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VFW honors veterans during ceremony


VFW Post Commander Rick Bremer, center, after giving his presentation, salutes flags when U.S. Coast Guard Station Chetco River personnel retire the colors.
Mary Fox cuts cake at the end of the ceremony.

Nearly every seat was filled for the Veterans Day program at the Charles Lingard Memorial Veterans of Foreign Wars Post 966 at the VFW Hall in Brookings Saturday.

Following the welcoming remarks, the posting of the colors, reciting the pledge of allegiance and opening prayer, VFW Commander Rick Bremer gave a presentation about military service.

“Today we honor those past and present service members who served this country honorably whether it was for a two-year, four-year or 20-plus-year career,” Bremer said.

In the beginning, making the decision to serve is life changing. Basic training and military schooling changes a person’s

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Nearly every seat was filled for the Veterans Day program at the Charles Lingard Memorial Veterans of Foreign Wars Post 966 at the VFW Hall in Brookings Saturday.

Following the welcoming remarks, the posting of the colors, reciting the pledge of allegiance and opening prayer, VFW Commander Rick Bremer gave a presentation about military service.

“Today we honor those past and present service members who served this country honorably whether it was for a two-year, four-year or 20-plus-year career,” Bremer said.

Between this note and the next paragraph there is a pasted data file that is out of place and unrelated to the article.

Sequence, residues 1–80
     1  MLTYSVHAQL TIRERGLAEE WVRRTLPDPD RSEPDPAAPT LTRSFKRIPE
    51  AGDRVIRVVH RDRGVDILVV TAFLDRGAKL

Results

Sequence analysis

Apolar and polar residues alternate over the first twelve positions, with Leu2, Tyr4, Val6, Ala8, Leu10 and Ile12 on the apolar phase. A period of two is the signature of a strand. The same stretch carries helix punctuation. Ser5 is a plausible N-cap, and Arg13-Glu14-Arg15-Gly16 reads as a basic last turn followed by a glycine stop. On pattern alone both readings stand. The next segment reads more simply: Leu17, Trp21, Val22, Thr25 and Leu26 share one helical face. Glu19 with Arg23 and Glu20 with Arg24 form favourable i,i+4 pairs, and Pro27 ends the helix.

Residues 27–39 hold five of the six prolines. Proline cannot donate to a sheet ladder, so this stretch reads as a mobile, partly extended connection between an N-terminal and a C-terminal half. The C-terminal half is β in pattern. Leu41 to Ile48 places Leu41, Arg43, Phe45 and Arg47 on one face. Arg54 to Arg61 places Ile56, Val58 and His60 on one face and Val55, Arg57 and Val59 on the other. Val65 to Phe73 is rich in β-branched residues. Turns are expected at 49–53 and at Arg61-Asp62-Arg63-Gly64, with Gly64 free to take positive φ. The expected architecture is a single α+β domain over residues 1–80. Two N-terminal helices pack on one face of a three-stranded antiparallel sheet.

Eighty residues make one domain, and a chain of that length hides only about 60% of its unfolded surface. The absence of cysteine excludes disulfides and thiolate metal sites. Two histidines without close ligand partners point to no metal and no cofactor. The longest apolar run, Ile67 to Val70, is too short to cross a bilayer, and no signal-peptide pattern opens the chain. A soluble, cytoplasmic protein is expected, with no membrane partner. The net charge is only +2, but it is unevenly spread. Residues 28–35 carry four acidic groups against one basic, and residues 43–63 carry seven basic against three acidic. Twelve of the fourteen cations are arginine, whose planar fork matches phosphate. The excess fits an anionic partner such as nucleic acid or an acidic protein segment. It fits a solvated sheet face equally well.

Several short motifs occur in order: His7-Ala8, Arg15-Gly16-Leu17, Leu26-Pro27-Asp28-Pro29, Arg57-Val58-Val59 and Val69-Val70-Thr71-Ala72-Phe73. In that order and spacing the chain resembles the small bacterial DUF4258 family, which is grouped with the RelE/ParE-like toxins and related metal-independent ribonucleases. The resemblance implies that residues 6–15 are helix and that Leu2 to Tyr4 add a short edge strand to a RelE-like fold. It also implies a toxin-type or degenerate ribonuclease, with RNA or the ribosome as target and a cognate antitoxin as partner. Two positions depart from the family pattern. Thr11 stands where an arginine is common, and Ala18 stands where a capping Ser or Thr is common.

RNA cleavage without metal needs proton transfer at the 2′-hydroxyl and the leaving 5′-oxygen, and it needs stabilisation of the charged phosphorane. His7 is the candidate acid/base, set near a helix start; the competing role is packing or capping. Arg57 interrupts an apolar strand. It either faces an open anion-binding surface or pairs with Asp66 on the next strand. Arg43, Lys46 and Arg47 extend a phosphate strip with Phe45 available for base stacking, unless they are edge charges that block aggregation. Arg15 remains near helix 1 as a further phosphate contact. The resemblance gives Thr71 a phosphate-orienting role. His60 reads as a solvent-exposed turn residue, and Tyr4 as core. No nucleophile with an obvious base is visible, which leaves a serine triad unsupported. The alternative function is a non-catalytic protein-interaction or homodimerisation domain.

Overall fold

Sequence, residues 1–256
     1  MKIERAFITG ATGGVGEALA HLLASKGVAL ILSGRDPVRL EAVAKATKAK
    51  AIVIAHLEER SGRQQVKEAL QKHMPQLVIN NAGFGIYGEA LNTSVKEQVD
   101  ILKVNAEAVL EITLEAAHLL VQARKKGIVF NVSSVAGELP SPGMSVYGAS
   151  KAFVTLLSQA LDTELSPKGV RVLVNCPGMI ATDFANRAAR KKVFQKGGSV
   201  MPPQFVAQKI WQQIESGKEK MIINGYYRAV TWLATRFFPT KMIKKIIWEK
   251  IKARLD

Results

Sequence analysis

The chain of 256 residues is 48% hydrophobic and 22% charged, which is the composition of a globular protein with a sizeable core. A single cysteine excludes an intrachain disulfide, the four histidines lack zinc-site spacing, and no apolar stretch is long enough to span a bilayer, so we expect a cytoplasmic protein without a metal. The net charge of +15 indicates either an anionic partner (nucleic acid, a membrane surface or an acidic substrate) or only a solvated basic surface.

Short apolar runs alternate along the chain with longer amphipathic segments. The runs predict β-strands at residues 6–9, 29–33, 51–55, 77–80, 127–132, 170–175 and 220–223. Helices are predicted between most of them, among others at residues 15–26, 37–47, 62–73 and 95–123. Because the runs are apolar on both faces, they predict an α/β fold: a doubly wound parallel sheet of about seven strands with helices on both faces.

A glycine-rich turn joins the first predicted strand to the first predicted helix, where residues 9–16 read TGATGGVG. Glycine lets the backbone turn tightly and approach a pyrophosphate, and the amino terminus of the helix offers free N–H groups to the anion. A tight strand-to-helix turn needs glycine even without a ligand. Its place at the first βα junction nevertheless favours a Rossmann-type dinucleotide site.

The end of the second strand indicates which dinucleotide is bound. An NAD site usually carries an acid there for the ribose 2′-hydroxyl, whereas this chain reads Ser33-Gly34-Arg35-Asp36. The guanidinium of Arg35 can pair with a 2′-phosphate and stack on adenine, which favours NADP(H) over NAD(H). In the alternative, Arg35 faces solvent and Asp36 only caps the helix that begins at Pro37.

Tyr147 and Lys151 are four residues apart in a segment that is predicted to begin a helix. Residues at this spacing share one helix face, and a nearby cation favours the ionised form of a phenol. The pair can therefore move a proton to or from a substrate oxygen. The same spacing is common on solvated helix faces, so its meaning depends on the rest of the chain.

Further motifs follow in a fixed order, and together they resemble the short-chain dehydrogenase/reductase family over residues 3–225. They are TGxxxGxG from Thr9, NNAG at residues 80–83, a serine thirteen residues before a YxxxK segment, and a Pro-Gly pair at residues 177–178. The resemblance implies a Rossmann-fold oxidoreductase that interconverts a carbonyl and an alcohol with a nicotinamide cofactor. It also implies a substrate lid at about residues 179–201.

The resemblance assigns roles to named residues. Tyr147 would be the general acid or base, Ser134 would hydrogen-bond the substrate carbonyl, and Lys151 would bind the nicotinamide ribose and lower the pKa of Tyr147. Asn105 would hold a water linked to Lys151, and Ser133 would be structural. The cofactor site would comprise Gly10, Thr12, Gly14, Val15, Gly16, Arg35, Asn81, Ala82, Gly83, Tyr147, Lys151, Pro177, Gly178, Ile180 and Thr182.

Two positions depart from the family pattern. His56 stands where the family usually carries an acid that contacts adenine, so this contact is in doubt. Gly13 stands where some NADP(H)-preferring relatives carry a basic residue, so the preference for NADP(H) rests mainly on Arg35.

In the beginning, making the decision to serve is life changing. Basic training and military schooling changes a person’s life. And then after serving a term, the soldier will decide whether to re-enlist or continue. By this time, the person has served.

“When you have served this nation, you know what price freedom costs,” Bremer said. And the person will forever be known as a veteran.

“A veteran will always remember his or her time in the service,” Bremer said. “They will always understand words like team work, duty and honor.”

Bremer went on to say that wearing the military uniform brings respect. At one time veterans brought their experience to the workforce. However, things are changing.

“Veterans in the past had more options to perform their duties — larger manpower, larger budgets and more job rating.”

Today’s military personnel face obsolete job ratings, less manpower and budget restraints, including base closures.

Soldiers are expected to do more with less.

“Also, the military has required a more physical and leaner service member,” Bremer said. “The service wants its members to look meaner, leaner and cleaner.

And facing these pressures, it has become harder from soldiers to transition into civilian life.

“Some veterans have more problems readjusting if they were deployed in areas of conflict,” Bremer said. “They bring with them stress in having to make decisions that were normally made for them.”

As a result, many veterans deal with post-traumatic stress disorder or turn to suicide as a means of dealing with the stress.

These people are not to be forgotten, he said.

“All of us here today should make an effort to reach out and say the five words that can make a veteran feel at home: ‘thank you for your service.’”

Following the presentation, a cake decorated with each military branch’s logo was served.

It was also announced that Bremer will be retiring as post commander. This was his last Veterans Day service. He plans to stay on through Memorial Day.